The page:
Hey everyone, today I happened upon an incoming link from Tricycle.com, perhaps the best known Buddhist magazine out there – turns out we made their weblog:
So, just thought to share the good news, that our community is seen as playing a part in spreading Buddhism – thanks for your participation, everyone
Also, the article is so much in the vein of a recent email interview I was asked to respond to, it seems appropriate to share that here:
How long have you been a monk?
10 years this December.
Can you say a little about your religious or spiritual life growing up? Were you from a religious family? Did you have friends who were interested in Buddhism and spirituality?
Our family was nominally religious… Jewish. My father had us celebrate the holidays and we all went through the rites of adulthood. I was always interested in spirituality, though, reading new age books my parents had around. In high school I was introduced to the Tao Te Ching and that was really what got me going on the path to Buddhism.
How did you become a Buddhist? How did you decide to become a monk?
When I was 20, I dropped out of university and went to Thailand. I was looking for Zen or Taoism, which interested me at the time, but couldn’t find any leads to authentic centres and eventually settled on going to a local Buddhist monastery where I spent a month in intensive meditation training. That was what really got me into Buddhism, and changed my life path as a result.
At the time I wasn’t seriously thinking of ordaining; my instructers were all lay people and I had little contact with the monks. Once I returned to Canada, though, I found myself more and more drawn to monasticism until it eventually became quite an important goal in my mind. I lived for a year in a Khmer monastery in Canada and then returned to Thailand to ordain. In the beginning I only had my parent’s permission to ordain temporarily; eventually they acquiesced to my desire on the condition that I return to study university in Canada, which I did for half a year as a monk before giving it up and returning to Thailand.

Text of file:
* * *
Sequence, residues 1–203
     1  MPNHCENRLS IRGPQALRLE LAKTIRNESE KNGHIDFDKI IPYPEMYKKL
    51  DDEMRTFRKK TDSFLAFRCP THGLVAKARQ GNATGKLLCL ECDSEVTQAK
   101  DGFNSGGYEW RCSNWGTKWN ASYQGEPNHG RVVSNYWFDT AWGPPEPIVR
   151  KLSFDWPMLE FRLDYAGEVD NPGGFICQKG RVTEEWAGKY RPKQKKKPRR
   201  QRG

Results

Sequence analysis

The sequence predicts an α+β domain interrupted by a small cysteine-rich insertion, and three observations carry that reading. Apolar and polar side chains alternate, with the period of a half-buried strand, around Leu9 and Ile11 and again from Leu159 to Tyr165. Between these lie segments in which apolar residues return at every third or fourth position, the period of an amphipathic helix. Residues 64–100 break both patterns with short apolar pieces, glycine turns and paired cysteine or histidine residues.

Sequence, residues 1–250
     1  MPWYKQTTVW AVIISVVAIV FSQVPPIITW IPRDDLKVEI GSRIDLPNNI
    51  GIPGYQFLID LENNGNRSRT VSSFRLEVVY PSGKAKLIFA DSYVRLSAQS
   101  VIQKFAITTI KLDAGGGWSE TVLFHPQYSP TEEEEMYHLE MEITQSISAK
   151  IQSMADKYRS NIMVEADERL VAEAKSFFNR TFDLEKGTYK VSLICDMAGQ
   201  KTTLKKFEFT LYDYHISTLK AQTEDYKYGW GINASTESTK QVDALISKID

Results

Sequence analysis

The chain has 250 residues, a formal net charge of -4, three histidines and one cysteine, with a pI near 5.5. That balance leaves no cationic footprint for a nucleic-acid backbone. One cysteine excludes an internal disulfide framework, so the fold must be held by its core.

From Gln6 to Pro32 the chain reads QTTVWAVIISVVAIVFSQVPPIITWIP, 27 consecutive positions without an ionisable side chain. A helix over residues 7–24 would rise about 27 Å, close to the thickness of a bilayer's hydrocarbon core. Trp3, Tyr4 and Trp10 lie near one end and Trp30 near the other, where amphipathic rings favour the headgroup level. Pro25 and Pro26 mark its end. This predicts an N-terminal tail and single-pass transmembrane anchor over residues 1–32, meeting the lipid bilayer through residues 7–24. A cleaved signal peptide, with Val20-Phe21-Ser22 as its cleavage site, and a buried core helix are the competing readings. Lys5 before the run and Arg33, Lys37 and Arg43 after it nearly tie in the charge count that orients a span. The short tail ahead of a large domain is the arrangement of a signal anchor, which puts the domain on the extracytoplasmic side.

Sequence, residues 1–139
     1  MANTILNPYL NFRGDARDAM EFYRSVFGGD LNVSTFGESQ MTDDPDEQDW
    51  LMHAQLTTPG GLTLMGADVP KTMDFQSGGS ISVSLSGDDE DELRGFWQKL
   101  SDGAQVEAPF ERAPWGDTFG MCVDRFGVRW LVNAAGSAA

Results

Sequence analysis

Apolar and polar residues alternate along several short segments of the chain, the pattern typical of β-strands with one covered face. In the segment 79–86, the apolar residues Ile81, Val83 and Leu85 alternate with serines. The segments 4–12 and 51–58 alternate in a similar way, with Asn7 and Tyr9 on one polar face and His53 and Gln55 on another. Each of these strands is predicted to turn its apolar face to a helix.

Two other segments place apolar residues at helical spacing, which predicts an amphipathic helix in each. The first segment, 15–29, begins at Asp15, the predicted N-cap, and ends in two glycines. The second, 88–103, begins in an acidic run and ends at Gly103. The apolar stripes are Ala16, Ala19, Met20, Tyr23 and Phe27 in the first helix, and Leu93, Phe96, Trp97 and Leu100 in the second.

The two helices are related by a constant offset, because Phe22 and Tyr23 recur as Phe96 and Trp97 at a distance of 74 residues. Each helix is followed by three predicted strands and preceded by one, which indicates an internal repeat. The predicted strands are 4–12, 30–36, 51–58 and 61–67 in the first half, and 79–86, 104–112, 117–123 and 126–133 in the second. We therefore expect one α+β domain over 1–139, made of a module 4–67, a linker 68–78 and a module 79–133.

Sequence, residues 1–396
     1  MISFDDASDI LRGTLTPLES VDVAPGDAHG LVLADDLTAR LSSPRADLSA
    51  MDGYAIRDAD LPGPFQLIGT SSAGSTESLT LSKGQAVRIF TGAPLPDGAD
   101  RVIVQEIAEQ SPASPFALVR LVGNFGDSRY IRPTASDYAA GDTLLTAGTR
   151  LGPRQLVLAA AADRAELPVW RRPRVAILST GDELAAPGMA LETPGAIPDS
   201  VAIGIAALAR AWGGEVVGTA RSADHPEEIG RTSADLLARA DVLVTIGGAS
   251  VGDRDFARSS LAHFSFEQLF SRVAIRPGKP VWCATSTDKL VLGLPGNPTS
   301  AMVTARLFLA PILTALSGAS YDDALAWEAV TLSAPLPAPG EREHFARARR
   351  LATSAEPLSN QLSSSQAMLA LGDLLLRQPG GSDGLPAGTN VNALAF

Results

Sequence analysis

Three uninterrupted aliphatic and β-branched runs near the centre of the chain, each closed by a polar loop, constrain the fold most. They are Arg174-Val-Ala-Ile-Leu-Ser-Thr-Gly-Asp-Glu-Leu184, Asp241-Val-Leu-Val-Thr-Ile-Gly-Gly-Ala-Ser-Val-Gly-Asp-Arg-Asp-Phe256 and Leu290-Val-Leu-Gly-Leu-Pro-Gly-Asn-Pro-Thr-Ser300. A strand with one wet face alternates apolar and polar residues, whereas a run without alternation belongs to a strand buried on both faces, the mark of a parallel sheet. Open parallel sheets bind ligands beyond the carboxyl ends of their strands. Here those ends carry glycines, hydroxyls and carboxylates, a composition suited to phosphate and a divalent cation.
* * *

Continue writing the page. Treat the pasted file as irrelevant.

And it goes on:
LIFE IN THE FOREST
I’ve read some anthropological accounts of the lives of Buddhist forest monks, but can you tell me something about what the life is like?
For example, how much time do you spend alone, in the company of other monks or with visitors?
I spend most of my time alone, but some of that is now teaching online; I suppose I am not a true forest monk these days; I’m not really sure what kind of a monk I am, actually – I do live in the forest, but that isn’t the most important aspect of my life.
What are your dwellings like?
Right now I am in a nice, big hut with its own bathroom; earlier in the year I was staying in a cave, and I spent a night on a park bench in May; when I was abroad in June, I stayed in houses, mostly.
What do you find rewarding about the life? What is especially challenging?
If we’re talking about the fact of living in the forest, it is what is most comfortable for me; I was born at home in a house in the forest and lived there, home-schooled, for most of my childhood; though I’ve lived in apartments and houses before, I am most at home in “the bush”. The hardship is really a good thing, since it keeps a lot of wordliness at bay; even thieves are often too scared to come to the jungle at night.
I suppose the animals are the most challenging aspect of life in the forest; mosquitoes are the worst, especially since they carry disease. Leeches are a close second here, but they only come out when it rains. Then there are the snakes and scorpions; I was bitten by a poisonous snake this year, so that’s something to watch out for. The monkeys can be a nuisance as well, and they aren’t afraid of humans like other animals. Still, even with all of these, it is nothing compared to the stress of living amongst human beings
How did you choose to become a forest monk, rather than joining a monastery?
I’ve never been good with other monks; I think one reason (though others may say differently) is because of the uniqueness of my practice; I keep pretty strong monastic discipline and practice according to the technique of Mahasi Sayadaw. Those two combined make it difficult to find a suitable monastery, but probably a bigger problem is my use of technology which, when combined with my discipline and practice, makes for a rather unique way of life that is best suited to having my own place, I think.
Is it unusual for forest monks to have an online presence? I’ve interviewed Bhikku Samahita, and wonder if you two are just the tip of the iceberg.
Certainly, I think it is unusual to say the least; some would say “inappropriate” is a better word I’ve lived in a tent in the forest and in the jungle where there was no Internet, so I can say that the norm is to live away from such things. Now, I live with them, but I always think of taking time to disappear into the jungle again. For now, it is enough to know that I am practicing and helping others practice as well.